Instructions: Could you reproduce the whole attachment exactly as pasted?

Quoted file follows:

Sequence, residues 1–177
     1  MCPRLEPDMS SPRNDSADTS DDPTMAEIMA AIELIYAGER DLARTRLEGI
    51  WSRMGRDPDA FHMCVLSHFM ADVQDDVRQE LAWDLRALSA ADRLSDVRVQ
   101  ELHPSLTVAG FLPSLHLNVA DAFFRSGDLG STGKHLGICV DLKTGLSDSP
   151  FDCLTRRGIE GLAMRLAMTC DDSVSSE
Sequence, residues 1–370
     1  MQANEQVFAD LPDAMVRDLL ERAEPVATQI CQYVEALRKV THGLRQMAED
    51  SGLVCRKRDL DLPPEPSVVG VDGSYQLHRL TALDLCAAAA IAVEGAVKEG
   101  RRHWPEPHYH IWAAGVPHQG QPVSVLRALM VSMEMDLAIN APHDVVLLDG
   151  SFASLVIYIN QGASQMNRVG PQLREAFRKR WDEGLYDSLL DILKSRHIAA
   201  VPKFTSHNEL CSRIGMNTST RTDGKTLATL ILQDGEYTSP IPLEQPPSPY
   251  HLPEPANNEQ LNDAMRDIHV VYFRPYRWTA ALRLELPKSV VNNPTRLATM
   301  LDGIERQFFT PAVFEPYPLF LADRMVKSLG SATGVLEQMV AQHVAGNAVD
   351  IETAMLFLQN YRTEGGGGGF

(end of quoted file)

Sequence, residues 1–177
     1  MCPRLEPDMS SPRNDSADTS DDPTMAEIMA AIELIYAGER DLARTRLEGI
    51  WSRMGRDPDA FHMCVLSHFM ADVQDDVRQE LAWDLRALSA ADRLSDVRVQ
   101  ELHPSLTVAG FLPSLHLNVA DAFFRSGDLG STGKHLGICV DLKTGLSDSP
   151  FDCLTRRGIE GLAMRLAMTC DDSVSSE
Sequence, residues 1–370
     1  MQANEQVFAD LPDAMVRDLL ERAEPVATQI CQYVEALRKV THGLRQMAED
    51  SGLVCRKRDL DLPPEPSVVG VDGSYQLHRL TALDLCAAAA IAVEGAVKEG
   101  RRHWPEPHYH IWAAGVPHQG QPVSVLRALM VSMEMDLAIN APHDVVLLDG
   151  SFASLVIYIN QGASQMNRVG PQLREAFRKR WDEGLYDSLL DILKSRHIAA
   201  VPKFTSHNEL CSRIGMNTST RTDGKTLATL ILQDGEYTSP IPLEQPPSPY
   251  HLPEPANNEQ LNDAMRDIHV VYFRPYRWTA ALRLELPKSV VNNPTRLATM
   301  LDGIERQFFT PAVFEPYPLF LADRMVKSLG SATGVLEQMV AQHVAGNAVD
   351  IETAMLFLQN YRTEGGGGGF